There is also a certain color scheme that keeps coming back, timber combined with black. One friend of mine once said that my main contribution to architecture is rotating every element 45 degrees, so I guess that is also part of the style.
I also have developed an interest in scale, I like to work with quite large elements in my last projects – which also work towards an almost blunt and primitive aesthetic. But underlying these aesthetics is a series of fundamental questions towards architecture, which I believe are more potent. As mentioned before, I am interested in the core of architecture.
I use discrete assemblies also as a way to search for novel aesthetics, experiences, rules of part-relations, syntax, etc. So for example, I currently have no projects that work with curvature, but this is not because I am not interested in curvature. Through my interrogations and experiments, this could come up at some point – if the question asked about it is interesting. But this will probably still take a while, as I am still very busy working through my questions about discrete assemblies!”
Focusing on the notion of the element or the part, Gilles Retsin Architecture does high profile research. What are the main trends & future directions within computational design and fabrication and what do you think of them?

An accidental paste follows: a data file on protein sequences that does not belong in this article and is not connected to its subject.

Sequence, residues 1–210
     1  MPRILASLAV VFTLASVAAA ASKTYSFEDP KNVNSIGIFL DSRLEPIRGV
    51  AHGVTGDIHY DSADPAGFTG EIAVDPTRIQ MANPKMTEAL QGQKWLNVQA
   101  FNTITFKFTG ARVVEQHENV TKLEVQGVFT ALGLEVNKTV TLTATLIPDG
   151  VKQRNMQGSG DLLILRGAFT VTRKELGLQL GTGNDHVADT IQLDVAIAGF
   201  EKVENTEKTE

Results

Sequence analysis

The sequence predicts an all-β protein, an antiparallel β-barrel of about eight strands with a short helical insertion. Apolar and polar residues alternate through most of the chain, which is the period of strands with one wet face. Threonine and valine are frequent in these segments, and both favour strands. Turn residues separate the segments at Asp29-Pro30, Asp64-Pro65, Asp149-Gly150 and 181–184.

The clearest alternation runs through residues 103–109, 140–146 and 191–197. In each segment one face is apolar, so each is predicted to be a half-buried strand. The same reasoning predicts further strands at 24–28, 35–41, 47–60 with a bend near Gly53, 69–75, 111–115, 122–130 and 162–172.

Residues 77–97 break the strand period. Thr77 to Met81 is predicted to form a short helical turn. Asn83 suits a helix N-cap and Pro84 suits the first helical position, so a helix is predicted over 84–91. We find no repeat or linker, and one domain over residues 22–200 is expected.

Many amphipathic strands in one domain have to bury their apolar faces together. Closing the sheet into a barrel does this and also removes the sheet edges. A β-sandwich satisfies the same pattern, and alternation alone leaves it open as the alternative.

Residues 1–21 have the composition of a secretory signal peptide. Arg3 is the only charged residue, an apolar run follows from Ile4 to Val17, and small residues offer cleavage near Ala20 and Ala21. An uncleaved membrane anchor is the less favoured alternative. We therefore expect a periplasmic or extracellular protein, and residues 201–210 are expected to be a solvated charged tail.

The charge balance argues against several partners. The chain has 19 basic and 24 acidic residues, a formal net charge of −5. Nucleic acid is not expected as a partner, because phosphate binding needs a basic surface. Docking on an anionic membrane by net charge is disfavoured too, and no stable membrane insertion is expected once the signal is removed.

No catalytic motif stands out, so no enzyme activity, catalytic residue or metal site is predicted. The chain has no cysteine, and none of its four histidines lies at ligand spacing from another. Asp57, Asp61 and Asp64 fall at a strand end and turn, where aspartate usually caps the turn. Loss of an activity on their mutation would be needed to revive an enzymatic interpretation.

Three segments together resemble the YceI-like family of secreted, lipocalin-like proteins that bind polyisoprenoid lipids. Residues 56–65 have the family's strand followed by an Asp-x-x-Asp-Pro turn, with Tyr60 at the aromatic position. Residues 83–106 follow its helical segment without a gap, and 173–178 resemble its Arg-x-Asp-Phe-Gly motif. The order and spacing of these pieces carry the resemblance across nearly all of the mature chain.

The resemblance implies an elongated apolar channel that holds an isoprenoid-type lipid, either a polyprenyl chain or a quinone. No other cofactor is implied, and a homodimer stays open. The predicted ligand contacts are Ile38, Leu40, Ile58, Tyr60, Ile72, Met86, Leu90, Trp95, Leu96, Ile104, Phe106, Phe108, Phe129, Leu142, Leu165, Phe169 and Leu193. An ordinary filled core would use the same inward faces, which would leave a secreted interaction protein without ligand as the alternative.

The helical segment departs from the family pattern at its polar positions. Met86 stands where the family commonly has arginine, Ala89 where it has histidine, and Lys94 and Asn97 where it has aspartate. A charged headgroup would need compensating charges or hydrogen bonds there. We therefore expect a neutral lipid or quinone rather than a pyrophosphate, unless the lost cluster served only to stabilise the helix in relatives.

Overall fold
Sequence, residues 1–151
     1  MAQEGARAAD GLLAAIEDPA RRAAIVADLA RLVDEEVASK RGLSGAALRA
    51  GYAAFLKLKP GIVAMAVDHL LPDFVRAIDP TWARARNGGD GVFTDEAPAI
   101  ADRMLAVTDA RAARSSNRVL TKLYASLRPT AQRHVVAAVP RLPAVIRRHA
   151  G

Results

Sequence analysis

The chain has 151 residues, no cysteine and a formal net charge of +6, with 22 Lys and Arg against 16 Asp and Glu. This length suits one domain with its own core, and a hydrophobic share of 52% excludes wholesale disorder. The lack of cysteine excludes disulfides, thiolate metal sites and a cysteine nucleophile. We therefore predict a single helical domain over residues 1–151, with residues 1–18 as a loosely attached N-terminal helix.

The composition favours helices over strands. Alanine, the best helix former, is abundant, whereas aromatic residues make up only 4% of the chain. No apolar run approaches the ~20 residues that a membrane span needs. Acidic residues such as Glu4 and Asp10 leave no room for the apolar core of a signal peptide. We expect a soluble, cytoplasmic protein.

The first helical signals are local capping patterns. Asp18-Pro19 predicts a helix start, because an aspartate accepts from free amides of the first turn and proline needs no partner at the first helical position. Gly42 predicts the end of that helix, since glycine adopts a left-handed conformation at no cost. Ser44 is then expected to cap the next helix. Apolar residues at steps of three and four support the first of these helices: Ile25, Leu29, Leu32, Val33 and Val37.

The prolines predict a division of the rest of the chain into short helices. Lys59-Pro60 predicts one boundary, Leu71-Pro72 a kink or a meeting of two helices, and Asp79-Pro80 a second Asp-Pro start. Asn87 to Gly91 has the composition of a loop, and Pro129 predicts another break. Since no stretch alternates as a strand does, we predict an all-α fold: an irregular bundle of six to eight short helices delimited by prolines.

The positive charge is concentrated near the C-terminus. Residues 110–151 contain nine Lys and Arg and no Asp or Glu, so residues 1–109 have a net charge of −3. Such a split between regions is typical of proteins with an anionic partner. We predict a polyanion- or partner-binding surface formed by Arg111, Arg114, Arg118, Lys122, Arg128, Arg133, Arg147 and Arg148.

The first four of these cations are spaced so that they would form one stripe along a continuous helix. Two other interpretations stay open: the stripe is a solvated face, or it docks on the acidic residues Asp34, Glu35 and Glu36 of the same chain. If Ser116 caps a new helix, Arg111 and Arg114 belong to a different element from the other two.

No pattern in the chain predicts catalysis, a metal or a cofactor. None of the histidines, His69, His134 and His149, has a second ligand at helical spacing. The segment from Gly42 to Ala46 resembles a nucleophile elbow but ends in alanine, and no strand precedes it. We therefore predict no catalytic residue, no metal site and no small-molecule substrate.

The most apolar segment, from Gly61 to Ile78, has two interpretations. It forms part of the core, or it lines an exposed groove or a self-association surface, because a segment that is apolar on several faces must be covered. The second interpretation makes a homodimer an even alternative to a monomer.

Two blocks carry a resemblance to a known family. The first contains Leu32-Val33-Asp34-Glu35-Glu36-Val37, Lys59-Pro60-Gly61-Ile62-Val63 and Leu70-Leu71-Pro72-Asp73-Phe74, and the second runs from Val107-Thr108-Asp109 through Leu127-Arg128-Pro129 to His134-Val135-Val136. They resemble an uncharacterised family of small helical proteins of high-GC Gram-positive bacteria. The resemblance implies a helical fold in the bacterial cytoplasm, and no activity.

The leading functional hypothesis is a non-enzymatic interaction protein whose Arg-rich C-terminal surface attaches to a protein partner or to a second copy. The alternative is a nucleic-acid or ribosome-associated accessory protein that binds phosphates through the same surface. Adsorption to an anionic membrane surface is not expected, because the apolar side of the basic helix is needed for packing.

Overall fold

“I think we have witnessed a real change in computational design since the financial crisis of 2008, and this will only be accelerated with the Covid-19 crisis. Before 2008, digital design was more concerned with itself, an optimistic exploration of the potential to completely reinvent architectural space and aesthetics, driven by the potential of digital machines to create a difference.
After 2008, computational design started to be more concerned with the world, asking questions about what digital technologies could do in face of the grand challenges that are ahead of us: the global housing crisis, climate change, and the increased automation of labor with the inequalities that come from that. For example, as I mentioned before, the discourse surrounding the discrete is arguing that by focusing on the part we could scale and distribute a complex and qualitative architecture to the many.